From antiquity, Egypt has lived with the fear that Ethiopia, its longtime rival, could somehow stop the Nile’s flow. In 1706, during a nasty diplomatic tiff, the Emperor Tekla Haymanot I wrote to Cairo that “The Nile might be made the instrument of our vengeance, God having placed in our hands its fountain, its passage, and its increase, and put it in our power to make it do good or harm.” The emperor was of course bluffing.
Similarly, in the 1990s, when Sudan began preparations for a large hydroelectric dam at Merowe, the first instinct of some in the Egyptian military was to bomb the site. (Cooler heads prevailed; Egypt and Sudan have since reconciled.)
Today, Egypt’s clout on the international stage is diminished, while states like Ethiopia and Uganda have emerged from decades of conflict and famine eager to secure their futures.
Shortage? What shortage?
At first glance, Egypt’s near-hysteria is understandable. The most populous country in the Middle East gets 95 percent of its water from the Nile. Eighty million Egyptians survive at the river’s sufferance, while the upstream states receive plenty of rain. The East Africans should more effectively manage their groundwater resources, Egypt says, and leave the Nile to its traditional master.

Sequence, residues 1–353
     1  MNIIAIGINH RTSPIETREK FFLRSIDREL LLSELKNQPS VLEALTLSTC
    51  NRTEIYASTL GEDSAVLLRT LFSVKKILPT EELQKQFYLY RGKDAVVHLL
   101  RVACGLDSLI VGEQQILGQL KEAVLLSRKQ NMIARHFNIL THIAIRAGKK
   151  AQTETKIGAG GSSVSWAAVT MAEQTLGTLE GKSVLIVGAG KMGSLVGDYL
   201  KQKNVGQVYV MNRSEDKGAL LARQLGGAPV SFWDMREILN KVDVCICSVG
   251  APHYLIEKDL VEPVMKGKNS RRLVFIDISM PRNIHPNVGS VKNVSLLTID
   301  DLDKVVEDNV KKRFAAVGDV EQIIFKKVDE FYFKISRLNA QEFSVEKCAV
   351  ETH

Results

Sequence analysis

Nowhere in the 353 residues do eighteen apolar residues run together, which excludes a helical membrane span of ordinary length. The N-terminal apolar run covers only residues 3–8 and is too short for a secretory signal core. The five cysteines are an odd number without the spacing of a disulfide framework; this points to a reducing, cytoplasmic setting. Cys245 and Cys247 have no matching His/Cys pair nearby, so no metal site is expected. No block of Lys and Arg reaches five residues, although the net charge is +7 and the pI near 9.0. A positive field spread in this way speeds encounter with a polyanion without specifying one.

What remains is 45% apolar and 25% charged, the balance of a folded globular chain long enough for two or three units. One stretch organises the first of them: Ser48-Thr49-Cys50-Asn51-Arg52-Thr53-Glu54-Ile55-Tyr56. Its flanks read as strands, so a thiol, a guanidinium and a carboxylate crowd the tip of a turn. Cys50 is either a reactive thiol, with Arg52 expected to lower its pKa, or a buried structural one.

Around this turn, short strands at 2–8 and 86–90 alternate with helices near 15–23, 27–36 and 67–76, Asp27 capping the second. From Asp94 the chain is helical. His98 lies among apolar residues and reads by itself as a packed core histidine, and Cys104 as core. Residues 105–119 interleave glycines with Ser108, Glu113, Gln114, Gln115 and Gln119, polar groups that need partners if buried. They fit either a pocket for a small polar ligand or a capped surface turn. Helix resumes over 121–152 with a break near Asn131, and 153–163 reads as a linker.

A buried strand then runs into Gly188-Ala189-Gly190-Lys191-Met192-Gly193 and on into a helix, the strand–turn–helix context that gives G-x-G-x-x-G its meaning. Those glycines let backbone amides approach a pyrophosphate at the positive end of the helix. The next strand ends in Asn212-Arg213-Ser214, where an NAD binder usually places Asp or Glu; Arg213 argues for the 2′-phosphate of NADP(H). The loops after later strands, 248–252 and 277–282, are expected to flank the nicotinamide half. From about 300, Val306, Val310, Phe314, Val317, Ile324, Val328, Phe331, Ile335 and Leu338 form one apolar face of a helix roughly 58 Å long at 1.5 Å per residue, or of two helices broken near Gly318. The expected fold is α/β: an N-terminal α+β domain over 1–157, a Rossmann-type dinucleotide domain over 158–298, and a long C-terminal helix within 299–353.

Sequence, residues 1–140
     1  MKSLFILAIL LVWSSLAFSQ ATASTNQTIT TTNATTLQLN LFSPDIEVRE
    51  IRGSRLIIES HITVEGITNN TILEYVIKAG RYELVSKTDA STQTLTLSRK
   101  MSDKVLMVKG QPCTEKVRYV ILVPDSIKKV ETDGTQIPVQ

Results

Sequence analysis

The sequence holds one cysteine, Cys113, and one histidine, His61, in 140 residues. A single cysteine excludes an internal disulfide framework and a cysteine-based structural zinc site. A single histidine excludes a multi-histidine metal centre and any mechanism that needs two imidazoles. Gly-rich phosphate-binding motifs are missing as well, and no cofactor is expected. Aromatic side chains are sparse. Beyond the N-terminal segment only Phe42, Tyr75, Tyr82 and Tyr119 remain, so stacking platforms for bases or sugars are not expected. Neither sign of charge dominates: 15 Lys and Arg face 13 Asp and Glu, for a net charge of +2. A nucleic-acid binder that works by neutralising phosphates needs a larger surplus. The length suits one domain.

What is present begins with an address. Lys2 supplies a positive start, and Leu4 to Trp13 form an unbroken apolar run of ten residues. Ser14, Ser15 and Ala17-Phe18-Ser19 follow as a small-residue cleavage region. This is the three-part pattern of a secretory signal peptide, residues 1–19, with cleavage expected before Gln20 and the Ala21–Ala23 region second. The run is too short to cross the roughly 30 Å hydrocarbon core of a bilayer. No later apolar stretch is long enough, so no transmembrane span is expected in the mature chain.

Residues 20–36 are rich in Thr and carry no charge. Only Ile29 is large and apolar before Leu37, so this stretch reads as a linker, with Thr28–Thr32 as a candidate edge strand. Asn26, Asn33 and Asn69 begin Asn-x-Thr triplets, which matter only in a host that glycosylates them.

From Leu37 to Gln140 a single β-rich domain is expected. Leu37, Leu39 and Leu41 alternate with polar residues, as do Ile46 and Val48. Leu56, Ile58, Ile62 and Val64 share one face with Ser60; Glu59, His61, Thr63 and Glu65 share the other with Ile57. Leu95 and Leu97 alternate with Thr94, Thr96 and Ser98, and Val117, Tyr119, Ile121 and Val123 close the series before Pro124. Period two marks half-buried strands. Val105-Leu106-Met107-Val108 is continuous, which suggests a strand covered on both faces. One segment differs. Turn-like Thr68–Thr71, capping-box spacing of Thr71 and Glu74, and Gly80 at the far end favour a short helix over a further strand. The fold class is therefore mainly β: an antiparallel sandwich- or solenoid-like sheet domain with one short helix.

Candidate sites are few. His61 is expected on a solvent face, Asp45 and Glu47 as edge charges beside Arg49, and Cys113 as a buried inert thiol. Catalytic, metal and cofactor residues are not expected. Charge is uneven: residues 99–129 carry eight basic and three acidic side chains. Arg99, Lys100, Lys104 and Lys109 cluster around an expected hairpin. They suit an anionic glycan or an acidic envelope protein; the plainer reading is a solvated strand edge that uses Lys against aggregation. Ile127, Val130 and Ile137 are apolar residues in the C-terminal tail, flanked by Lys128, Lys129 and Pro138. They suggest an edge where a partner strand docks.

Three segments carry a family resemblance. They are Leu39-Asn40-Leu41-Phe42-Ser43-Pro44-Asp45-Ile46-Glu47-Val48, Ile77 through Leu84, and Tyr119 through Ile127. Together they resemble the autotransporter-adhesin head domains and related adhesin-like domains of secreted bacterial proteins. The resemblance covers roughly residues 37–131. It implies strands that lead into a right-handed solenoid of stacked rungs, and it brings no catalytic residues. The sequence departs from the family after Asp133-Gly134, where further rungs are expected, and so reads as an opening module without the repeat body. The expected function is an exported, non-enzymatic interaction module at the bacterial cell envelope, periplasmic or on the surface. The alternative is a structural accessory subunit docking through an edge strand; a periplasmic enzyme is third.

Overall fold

The problem with this argument is that Egypt doesn’t behave like it’s about to die of thirst. More than 40 percent of Egypt’s drinking water is lost to unrepaired leaks and illegal connections. The water that isn’t lost is, for all intents and purposes, supplied free of charge to consumers and farmers alike, meaning there’s not much incentive to conserve.
Water-intensive cash crops like cotton and rice are irrigated using inefficient methods that haven’t changed since the days of King Tut. At a time when Egypt has become a net importer of food, it is exporting a great deal of its water in the form of cotton (100,000 tons a year) and rice (600,000 tons).
Ready to rumble
Egypt is taking the Nile threat seriously. Foreign Minister Ahmed Aboul Gheit has described the Nile waters as an inviolable “red line,” while Omar Suleiman, Cairo’s legendary intelligence chief, recently took over the Nile waters portfolio. And, while Egypt has recently taken a more conciliatory line, we can reasonably expect its diplomats will be ramping up their pressure on donor states to deny funding to irrigation projects in the rebelling countries.